Taking Advantage of Low-Income Years in Retirement
There are many reasons why your taxable income could be lower in the earlier years of your retirement. Potential reasons can include:
- You haven’t begun receiving Social Security benefits
- You are living off taxable savings and do not need to take distributions from your tax-deferred retirement accounts
- You haven’t reached the age (72) where you must begin taking required minimum distributions (RMDs)
During this timeframe, it may make sense to accelerate your income to take advantage of these lower tax years by performing something called a Roth IRA conversion.
What is a Roth Conversion?
A Roth IRA conversion allows you to turn your traditional IRA or other pre-tax retirement accounts into a Roth IRA because you’re taxed as if you took a withdrawal equal to the amount of the conversion.
A Roth IRA is different from a traditional IRA in that contributions are made with after-tax dollars, grow tax-free, and qualified Roth distributions are free of federal income tax.
Performing Roth conversions in your lower-income years, allows you to potentially decrease your total tax liability throughout your retirement. They can also, reduce your future RMDs, and give you more flexibility with your future withdrawal strategies because qualified distributions aren’t included in your taxable income.
In addition, Roth IRAs can be used for legacy planning since they can provide tax-free withdrawals to your heirs.
The “Filling Up Your Bracket” Roth Conversion Approach
One way to implement Roth conversions during your pre-RMD low-income years is known as the “filling up your tax bracket” strategy. This approach allows your Roth conversion to be potentially more tax-efficient when compared to a single lump sum conversion.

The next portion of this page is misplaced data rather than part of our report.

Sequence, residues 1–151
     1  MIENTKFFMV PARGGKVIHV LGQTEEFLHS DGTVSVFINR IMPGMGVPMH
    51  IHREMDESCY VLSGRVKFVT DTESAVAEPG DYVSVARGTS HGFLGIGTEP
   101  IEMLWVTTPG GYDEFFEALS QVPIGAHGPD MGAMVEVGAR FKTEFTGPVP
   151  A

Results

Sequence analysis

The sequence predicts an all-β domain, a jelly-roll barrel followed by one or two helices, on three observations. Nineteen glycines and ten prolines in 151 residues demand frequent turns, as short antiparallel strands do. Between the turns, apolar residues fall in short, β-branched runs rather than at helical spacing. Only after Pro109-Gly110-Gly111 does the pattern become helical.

In this strategy, you convert an amount that allows you to remain in your current marginal tax bracket for that year. These smaller conversions spread the tax liability over multiple years and reduce the average tax rate you’ll pay on the amount converted.
Roth Conversion Example
For example, in 2021 the 22% tax bracket for a married couple filing jointly ranges from $81,051 to $172,750. If you file a joint return and your taxable income is $120,000, that means that you could add around another $50,000 of income without going into the next bracket or triggering any IRMAA surcharges.
Note: It is recommended before making any conversion, you consult with your tax professional.
Incorporating Roth Conversions into Your Financial Plan
Although Roth conversions can be a useful tactic in retirement, their benefits are unlikely to be fully realized without having a long-term plan in place. Being able to project your taxable income throughout retirement, allows you to spot the years where Roth conversions may be most useful.
*Tax tables are subject to change, which could disrupt any potential tax planning strategies.
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